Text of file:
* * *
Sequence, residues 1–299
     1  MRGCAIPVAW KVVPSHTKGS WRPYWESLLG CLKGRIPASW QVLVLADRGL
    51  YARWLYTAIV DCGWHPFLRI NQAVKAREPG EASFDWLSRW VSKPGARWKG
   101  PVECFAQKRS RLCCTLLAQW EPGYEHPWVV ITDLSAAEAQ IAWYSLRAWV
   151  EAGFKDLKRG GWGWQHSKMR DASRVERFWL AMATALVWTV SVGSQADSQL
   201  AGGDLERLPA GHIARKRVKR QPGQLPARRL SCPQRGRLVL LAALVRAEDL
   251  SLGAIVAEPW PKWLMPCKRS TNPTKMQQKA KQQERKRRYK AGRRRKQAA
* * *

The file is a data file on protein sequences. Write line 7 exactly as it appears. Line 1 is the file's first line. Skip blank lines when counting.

   251  SLGAIVAEPW PKWLMPCKRS TNPTKMQQKA KQQERKRRYK AGRRRKQAA